The content of these notes is based on the lectures by Prof. Graeme W. Milton (University of Utah) given in a course on metamaterials in Spring 2007.
Viscoelastic Materials[edit]
In the previous lecture, we discussed viscoelastic materials and
wondered why the Maxwell model works even though
the effective Young's modulus $Y(\omega )$ for such materials is
analytic in the entire complex plane (except for a few isolated points).
Recall that the Maxwell model (see Figure 1)
predicts that the frequency dependent Young's modulus of the system
is given by
 $Y(\omega )=Y_{e}+\sum _{j}{\cfrac {H_{j}}{1+{\cfrac {i}{\omega \tau _{j}}}}}~.$
Figure 1. A generalized Maxwell model for viscoelasticity.

This implies that the function $Y(\omega )$ is analytic in the entire
imaginary $\omega$ plane except for poles at $\omega =i/\tau _{j}$. On the
other hand, for the frequency dependent metamaterials that we have discussed
earlier, the effective modulus is generally analytic only in the upper half
$\omega$ plane (see Figure~2). Also, for such materials,
$Y^{*}(\omega )=Y(\omega ^{*})$, where $(.)^{*}$ indicates the complex
conjugate. Note that we do not consider the mass when we derive the
modulus of the Maxwell model. The relation between viscoelastic models of
the Maxwell type and general frequency dependent materials continues to
be an open question.
Figure 2. Poles for a general frequencydependent material vs. poles for a generalized Maxwell model.

A justification of the Maxwell model can be provided by considering the
behavior of viscoelastic materials (Christ03). Consider an
experiment where a bar of viscoelastic material of length $l$ is deformed
by a fixed amount. We want to see how the stress changes with time.
Recall, that if the bar is extended by an amount $u(x)$ where $x=0$ at
one end of the bar, then the onedimensional strain is defined as
 $\epsilon ={\cfrac {du}{dx}}~.$
Therefore, the displacement in the bar can be expressed in terms of the
strain as
 $u(x)=\epsilon ~x\qquad \implies \qquad \epsilon ={\cfrac {u(l)}{l}}={\cfrac {\Delta l}{l}}~.$
Also, if $F$ is the applied force on the bar and $A$ is its crosssectional
area, then the stress is given by
 $\sigma ={\cfrac {F}{A}}~.$
Let us now apply a strain to the bar at time $t=0$ and hold the strain
fixed. Due to the initial application of the strain, the stress reaches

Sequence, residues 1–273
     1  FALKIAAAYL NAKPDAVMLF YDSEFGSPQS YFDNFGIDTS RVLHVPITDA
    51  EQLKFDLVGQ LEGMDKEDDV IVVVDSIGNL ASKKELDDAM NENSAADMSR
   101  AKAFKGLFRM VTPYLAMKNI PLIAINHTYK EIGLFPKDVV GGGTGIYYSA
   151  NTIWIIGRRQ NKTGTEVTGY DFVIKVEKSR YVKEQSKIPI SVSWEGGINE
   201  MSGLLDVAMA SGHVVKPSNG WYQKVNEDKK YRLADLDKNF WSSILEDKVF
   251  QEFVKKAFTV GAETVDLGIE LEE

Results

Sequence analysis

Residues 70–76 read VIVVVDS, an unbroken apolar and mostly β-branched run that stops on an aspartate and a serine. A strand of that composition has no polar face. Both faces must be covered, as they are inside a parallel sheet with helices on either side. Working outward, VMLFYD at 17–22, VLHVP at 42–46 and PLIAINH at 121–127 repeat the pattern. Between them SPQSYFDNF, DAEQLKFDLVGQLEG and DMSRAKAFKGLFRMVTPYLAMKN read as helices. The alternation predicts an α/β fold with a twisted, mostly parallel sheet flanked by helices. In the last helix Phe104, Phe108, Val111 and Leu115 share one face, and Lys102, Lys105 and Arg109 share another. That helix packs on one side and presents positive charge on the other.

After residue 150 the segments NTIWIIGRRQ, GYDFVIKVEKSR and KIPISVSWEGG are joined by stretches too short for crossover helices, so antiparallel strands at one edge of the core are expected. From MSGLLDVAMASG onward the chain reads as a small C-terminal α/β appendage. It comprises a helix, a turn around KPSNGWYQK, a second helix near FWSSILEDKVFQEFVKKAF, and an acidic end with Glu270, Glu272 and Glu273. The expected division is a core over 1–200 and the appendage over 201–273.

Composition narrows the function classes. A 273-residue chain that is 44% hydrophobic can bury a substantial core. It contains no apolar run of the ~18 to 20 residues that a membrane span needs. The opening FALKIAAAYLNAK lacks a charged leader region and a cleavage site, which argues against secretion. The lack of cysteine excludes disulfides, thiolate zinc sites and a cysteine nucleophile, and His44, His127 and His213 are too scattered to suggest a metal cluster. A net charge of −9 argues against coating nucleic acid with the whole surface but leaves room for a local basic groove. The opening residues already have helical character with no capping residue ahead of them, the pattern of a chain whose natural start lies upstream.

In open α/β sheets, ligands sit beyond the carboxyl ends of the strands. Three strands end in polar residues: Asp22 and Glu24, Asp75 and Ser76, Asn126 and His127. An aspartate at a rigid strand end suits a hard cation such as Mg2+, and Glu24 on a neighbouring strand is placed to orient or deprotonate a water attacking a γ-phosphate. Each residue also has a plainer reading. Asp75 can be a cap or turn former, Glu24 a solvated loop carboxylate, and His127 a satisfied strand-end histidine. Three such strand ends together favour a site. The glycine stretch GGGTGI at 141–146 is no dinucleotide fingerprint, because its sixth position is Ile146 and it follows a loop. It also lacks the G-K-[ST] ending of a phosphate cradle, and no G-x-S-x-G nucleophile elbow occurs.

a value $K_{0}$ and then relaxes at time increase (due to the relaxation of
polymer chains for instance). Figure 3 shows a
schematic of this situation.
Figure 3. Onedimensional stress relaxation of a viscoelastic material.

If the strain is applied by the superposition of a two step strains as
shown in the figure, we have
 ${\cfrac {d\epsilon }{dt}}=a~\delta (tt_{1})+b~\delta (tt_{2})~.$
The stress is then given by
 $\sigma =a~K(tt_{1})+b~K(tt_{2})~.$
If the strain is applied by a series of infinitesimal steps, then we
get a more general form for the stress:
 ${\text{(1)}}\qquad \sigma (t)=\int _{\infty }^{t}K(tt')~{\cfrac {d\epsilon (t')}{dt'}}~{\text{d}}t'$
where the integral should be interpreted in the distributional sense.
Integrating by parts (and assuming that $\epsilon =0$ at $t=\infty$),
we get
 $\sigma (t)=K_{0}~\epsilon (t)+\int _{\infty }^{t}K(tt')~\epsilon (t')~{\text{d}}t'~.$
Now, $\sigma (t)$ clearly depends on past values of $d\epsilon /dt$. We
expect $\sigma (t)$ should have a stronger dependence on $d\epsilon /dt$ in
the recent past than in the distant past. More precisely, the dependence
should decrease monotonically as $\tau =tt'$ increases. This
implies that $K(\tau )$ should decrease at $\tau$ increases, i.e.,
 ${\cfrac {dK(\tau )}{d\tau }}<0\quad \forall \tau >0~~{\text{and}}~~K(\tau )>0~.$
This is the assumption of fading memmory.
From equation (1) the rate of change of $\sigma$ is given by
 ${\cfrac {d\sigma (t)}{dt}}=\int _{\infty }^{t}\left.{\cfrac {dK(\tau )}{d\tau }}\right_{\tau =tt'}~{\cfrac {d\epsilon (t')}{dt'}}~{\text{d}}t'~.$
Again, we expect $d\sigma /dt$ to have a stronger dependence on
$d\epsilon (t')/dt'$ in the recent past than in the far past, i.e,.
 $\left{\cfrac {dK(\tau )}{d\tau }}\right~~{\text{should decrease as}}~\tau ~{\text{increases.}}$
Now,
 ${\cfrac {dK(\tau )}{d\tau }}<0\quad \implies \quad {\cfrac {d^{2}K(\tau )}{d\tau ^{2}}}>0\quad \implies \quad {\cfrac {d^{3}K(\tau )}{d\tau ^{3}}}<0\quad \implies \quad {\cfrac {d^{4}K(\tau )}{d\tau ^{4}}}>0\quad \dots \qquad \forall ~~\tau >0~.$
Such functions are said to be completely monotonic. An example is
 $K(\tau )=e^{\tau /\tau '}\qquad \implies \qquad {\cfrac {dK(\tau )}{d\tau }}<0~,~~{\cfrac {d^{2}K(\tau )}{d\tau ^{2}}}>0~{\text{etc.}}$
More generally,
 $K(\tau )=K_{\infty }+\int _{0}^{\infty }H(\tau ')~e^{\tau /\tau '}~{\text{d}}\tau '$
is completely monotonic if $H(\tau ')\geq 0$ for all $\tau$ and
$K_{\infty }\geq 0$. The function $H(\tau ')$ is called the {\bf relaxation
spectrum.}
Conversely, any completely monotonic function can be written in this form
(Bernstein28).
Specifically, if
 $\epsilon (t)={\text{Re}}({\widehat {\epsilon }}~e^{i\omega t})$
then
 ${\cfrac {d\epsilon (t)}{dt}}={\text{Re}}(i\omega ~{\widehat {\epsilon }}~e^{i\omega t})~.$
Therefore,
 $\sigma (t)={\text{Re}}\left(i\omega ~{\widehat {\epsilon }}~\int _{\infty }^{t}K(tt')~e^{i\omega t'}~{\text{d}}t'\right)~.$
Let $\tau tt'$. Then
 $\sigma (t)={\text{Re}}\left(i\omega ~{\widehat {\epsilon }}~e^{i\omega t}~\int _{0}^{\infty }K(\tau )~e^{i\omega \tau }~{\text{d}}\tau \right)~.$
Define
 ${\text{(2)}}\qquad Y(\omega ):=i\omega ~\int _{0}^{\infty }K(\tau )~e^{i\omega \tau }~{\text{d}}\tau ~.$
Then we have
 $\sigma (t)={\text{Re}}\left(Y(\omega )~{\widehat {\epsilon }}~e^{i\omega t}\right)~.$
If we define
 ${\widehat {\sigma }}:=Y(\omega )~{\widehat {\epsilon }}$
we get
 $\sigma (t)={\text{Re}}\left({\widehat {\sigma }}~e^{i\omega t}\right)~.$
Now, let $K(\tau )$ be a completely monotonic function of the form
 $K(\tau )=K_{\infty }+\int _{0}^{\infty }H(\tau ')~e^{\tau /\tau '}~{\text{d}}\tau '~.$
Then from equation (2) we get
 $Y(\omega )=i\omega ~\int _{0}^{\infty }K_{\infty }~e^{i\omega \tau }~{\text{d}}\tau i\omega ~\int _{0}^{\infty }{\text{d}}\tau '~H(\tau ')~\int _{0}^{\infty }{\text{d}}\tau ~e^{\tau (i\omega 1/\tau ')}~.$